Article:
The town has a cost-sharing agreement with the University to cover certain services used by UNC, such as fire coverage and clean up after events like Halloween and basketball games.
In October, the council sent a letter requesting in 17 points that UNC play a bigger role in sharing costs. A month later, UNC responded, disagreeing on three points -- one of which mandated that UNC cover all costs created by development of the Horace Williams tract. The council acknowledged UNC's position in November but stipulated that the council stay abreast of discussion.
Now, because of the state's $900 million budget shortfall, Gov. Mike Easley has discussed withholding funds from municipalities, which would mean a $1.4 million cut for Chapel Hill. The cut could mean drastic adjustments to the town's budget, including the possibility of layoffs or an increase in property taxes.
Despite the concerns, Town Manager Cal Horton said there would be no change to services provided by the town, and he dismissed the possibility of increasing the price for services.
"We don't have any ability to increase costs charged to UNC, because it's a state agency," he said.
Council member Mark Kleinschmidt said the possibility of increasing fees or cutting service back to trim expenses had not even been considered.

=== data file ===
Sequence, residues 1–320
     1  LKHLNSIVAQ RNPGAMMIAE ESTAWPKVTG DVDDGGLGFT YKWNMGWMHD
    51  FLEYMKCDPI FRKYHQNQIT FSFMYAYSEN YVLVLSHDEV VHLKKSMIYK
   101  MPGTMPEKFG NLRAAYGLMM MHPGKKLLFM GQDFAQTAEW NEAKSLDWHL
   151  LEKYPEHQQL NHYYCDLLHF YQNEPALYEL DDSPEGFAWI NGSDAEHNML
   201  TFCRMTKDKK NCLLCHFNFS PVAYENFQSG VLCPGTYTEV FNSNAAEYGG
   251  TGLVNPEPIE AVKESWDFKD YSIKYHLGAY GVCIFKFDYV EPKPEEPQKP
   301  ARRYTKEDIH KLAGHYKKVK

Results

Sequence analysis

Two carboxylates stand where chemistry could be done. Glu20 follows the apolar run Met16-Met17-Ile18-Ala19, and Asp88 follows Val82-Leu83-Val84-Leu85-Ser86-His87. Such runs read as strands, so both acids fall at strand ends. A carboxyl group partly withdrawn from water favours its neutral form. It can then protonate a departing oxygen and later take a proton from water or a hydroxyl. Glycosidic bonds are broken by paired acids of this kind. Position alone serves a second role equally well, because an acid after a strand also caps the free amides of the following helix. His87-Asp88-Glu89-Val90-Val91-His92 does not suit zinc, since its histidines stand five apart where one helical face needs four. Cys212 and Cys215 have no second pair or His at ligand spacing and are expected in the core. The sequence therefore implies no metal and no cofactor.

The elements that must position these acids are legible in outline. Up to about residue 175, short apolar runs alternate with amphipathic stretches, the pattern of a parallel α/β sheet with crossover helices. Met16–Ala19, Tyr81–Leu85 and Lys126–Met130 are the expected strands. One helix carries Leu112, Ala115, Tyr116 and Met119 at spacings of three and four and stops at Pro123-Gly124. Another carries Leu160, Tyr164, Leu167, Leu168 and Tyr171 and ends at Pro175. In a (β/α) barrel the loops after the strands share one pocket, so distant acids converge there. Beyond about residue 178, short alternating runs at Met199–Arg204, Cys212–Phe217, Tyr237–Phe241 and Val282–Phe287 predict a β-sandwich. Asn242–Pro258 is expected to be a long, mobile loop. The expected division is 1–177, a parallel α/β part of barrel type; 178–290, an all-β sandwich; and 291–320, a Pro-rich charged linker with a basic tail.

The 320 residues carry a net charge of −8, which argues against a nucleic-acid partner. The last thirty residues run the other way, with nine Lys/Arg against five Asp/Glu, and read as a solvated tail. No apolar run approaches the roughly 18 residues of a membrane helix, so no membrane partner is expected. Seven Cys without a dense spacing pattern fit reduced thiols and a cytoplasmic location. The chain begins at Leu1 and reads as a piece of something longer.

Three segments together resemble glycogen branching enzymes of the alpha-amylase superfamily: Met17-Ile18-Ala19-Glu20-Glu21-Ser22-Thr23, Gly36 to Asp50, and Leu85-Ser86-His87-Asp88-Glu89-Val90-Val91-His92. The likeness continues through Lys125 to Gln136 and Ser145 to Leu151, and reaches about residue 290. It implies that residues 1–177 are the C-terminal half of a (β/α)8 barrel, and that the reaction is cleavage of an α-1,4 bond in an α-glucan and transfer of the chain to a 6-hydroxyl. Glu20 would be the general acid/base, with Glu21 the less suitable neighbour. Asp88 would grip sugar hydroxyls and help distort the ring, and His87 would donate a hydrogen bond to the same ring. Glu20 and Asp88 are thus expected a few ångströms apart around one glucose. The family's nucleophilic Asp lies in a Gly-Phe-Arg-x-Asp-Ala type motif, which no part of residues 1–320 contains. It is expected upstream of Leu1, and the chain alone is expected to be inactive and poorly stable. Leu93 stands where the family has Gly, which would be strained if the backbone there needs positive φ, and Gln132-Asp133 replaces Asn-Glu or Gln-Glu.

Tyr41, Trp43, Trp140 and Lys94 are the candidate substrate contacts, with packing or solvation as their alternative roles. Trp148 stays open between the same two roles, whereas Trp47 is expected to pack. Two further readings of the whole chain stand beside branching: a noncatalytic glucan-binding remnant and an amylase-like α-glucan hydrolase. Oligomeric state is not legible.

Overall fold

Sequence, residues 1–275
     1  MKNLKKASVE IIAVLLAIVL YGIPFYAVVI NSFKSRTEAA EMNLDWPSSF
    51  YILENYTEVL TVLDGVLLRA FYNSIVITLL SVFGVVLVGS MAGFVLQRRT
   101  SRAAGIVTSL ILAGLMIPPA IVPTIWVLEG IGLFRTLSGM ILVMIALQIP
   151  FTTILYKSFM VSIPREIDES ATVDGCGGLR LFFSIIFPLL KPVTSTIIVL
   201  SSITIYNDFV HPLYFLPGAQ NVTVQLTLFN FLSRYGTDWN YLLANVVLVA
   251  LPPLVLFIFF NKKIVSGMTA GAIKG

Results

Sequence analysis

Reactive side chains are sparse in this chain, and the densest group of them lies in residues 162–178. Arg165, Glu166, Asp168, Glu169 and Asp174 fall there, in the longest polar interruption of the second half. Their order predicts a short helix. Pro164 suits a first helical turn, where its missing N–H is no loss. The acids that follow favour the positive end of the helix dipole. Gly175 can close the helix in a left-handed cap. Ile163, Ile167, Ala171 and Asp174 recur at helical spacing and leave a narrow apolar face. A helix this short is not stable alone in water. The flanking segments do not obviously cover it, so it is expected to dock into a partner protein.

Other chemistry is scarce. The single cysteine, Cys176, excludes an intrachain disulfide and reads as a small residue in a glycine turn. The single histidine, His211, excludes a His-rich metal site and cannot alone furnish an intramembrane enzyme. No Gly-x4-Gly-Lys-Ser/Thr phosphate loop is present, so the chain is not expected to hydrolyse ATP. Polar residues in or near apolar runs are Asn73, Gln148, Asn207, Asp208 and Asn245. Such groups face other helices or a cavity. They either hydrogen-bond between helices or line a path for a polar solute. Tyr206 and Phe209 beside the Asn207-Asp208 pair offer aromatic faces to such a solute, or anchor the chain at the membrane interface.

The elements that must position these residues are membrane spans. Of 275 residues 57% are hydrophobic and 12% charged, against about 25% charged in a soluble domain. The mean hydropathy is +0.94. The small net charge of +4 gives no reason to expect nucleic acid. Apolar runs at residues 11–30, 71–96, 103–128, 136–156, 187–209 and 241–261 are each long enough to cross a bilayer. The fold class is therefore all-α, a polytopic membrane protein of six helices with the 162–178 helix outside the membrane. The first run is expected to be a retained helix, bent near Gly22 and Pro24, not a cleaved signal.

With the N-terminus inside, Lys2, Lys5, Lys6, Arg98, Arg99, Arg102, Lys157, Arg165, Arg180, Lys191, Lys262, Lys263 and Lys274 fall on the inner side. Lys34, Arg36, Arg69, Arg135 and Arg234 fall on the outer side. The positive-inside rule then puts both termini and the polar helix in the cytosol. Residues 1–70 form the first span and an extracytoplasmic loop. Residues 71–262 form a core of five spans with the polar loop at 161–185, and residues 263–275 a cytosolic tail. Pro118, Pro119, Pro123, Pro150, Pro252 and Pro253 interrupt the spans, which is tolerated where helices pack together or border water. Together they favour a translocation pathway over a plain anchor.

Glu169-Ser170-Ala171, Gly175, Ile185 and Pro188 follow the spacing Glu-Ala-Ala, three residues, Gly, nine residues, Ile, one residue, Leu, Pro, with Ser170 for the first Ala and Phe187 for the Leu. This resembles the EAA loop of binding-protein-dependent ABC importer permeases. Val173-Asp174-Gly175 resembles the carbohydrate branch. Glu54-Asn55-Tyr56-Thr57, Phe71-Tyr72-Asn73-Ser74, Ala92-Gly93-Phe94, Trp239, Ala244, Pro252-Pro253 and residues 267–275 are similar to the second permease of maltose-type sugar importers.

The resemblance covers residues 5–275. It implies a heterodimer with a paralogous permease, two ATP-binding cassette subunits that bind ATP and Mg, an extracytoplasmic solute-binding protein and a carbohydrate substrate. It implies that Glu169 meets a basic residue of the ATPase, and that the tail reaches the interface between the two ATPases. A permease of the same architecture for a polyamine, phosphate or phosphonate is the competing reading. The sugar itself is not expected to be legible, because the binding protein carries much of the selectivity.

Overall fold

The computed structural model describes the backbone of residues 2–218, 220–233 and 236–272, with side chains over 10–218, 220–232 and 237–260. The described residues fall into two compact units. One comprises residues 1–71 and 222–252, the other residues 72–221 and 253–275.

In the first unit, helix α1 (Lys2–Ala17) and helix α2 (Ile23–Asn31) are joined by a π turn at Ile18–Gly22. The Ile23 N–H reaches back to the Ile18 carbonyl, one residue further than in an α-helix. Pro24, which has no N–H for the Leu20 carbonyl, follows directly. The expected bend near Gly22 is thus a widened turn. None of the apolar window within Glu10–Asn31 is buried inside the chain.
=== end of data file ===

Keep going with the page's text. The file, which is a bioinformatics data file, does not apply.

Although most of the calls to the Chapel Hill Fire Department are campus-related, Kleinschmidt said it is the town's duty to provide the service.
"That's something we're going to do anyway," he said. "It's part of the cost of running a fire department. The University is covered because it's in Chapel Hill."
Council member Pat Evans said the services provided to UNC, although limited, should not be changed.
"(The town doesn't) provide any services to UNC," Evans said. "We really just provide fire services. We can't risk a citizen's life by reducing that service."
Kleinschmidt pointed out that although the state contributes about $860,000 for services provided to the town, that amount never covers the total cost. "I don't think we're ever going to have a day where the state covers as much as it costs," Kleinschmidt said.
Despite the costs, Kleinschmidt noted that the town benefits greatly from UNC's presence, although that impact cannot be easily measured.
Council member Jim Ward said the town is carefully considering cutting other areas to preserve the quality of life.
"Now we're talking about cutting back in ways that won't require anyone to be laid off," Ward said. "We're also going to reduce capital improvements and put them on hold."
UNC officials could not be reached for comment.
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